Don’t Apologize to Me

Dontapologizetome

I was in a store the other day, just browsing and in my own little world (as I usually am). Every few minutes, a loud, deep voice would burst into my reverie. I kept trying to ignore the intrusion but, finally, I glanced up to see a teenage boy (probably about 17 years old) who was making throaty noises. He was trying to get his mom’s attention. He would shout a word or two and then make some more guttural noises. He would sporadically run down the aisle and then back again. My first thought was that he was just being a rowdy teenage boy, and my second thought was that he had special needs.

I glanced up at his mom who was in her fifties and looked tired. She had a very loving nature with her son. She answered his requests with patience and kindness. But she was also very aware of their surroundings. She kept gently saying, “Shush” and “Not so loud” and “Please be quiet.” I imagined that, at home, she couldn’t care less if he makes loud noises. But here, in a public place, I could sense her discomfort. She might have been worried that someone might give her dirty looks for not “controlling” her son. She might have even been scolded by complete strangers in the past.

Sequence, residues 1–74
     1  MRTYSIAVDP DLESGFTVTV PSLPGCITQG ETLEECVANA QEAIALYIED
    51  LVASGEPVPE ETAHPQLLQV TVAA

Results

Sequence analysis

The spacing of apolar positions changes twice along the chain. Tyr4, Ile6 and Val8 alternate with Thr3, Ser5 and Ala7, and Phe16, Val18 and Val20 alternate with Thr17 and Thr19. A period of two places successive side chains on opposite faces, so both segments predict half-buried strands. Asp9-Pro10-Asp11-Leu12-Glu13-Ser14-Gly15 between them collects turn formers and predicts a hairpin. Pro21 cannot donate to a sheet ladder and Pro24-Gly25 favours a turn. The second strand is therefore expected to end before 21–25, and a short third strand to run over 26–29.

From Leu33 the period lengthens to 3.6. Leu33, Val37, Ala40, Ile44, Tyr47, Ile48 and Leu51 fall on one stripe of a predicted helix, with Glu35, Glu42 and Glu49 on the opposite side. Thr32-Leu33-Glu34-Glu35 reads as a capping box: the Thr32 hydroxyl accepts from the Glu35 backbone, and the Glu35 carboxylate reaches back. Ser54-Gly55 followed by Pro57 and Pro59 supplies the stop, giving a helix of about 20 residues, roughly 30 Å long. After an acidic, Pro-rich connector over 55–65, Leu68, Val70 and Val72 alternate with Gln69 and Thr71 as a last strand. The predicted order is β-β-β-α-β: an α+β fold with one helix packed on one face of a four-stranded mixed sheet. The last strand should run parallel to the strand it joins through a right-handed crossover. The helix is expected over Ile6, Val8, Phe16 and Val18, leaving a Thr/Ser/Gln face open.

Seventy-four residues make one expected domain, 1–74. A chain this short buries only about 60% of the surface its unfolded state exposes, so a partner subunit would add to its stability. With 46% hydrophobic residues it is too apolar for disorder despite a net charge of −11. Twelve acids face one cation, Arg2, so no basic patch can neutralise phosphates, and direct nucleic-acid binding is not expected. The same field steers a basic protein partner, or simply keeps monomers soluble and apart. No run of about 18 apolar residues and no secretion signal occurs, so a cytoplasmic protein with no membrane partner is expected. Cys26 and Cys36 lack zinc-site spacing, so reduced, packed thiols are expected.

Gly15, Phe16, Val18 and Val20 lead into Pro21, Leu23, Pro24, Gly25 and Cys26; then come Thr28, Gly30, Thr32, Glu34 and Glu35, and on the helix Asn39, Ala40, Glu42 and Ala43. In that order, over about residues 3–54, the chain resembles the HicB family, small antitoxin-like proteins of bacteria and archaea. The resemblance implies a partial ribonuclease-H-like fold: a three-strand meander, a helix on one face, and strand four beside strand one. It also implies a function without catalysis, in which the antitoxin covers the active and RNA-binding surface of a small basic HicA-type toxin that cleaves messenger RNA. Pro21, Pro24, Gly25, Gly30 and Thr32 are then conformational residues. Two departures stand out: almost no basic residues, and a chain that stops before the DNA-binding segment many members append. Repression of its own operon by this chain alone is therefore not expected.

The mom looked at me in an apologetic way. She wanted to let me know that she was sorry for all the noise.

And I really felt for her. I’ve changed so much since having Emmy. My level of empathy has increased immensely. I could put myself right into this woman’s shoes and feel the hot stares from strangers. True, I haven’t been through her exact experience. Emmy is still at the age where any acting out would be considered typical behavior for a toddler. (And she’s actually pretty mellow so far. When in public, she enjoys just looking at everyone.)

But now I understand that everything isn’t what it seems. Everyone comes from different circumstances, and we never know what another family might be facing. One person might see a mother’s inability to control her child, while another might see a mother’s steady patience with her son who has special needs. Frankly, I wanted to hug her and tell her that she certainly didn’t need to apologize to me.

But, because I’m shy and definitely not one to intrude on personal space, I just smiled timidly and offered to help her find what she was looking for on the shelves.

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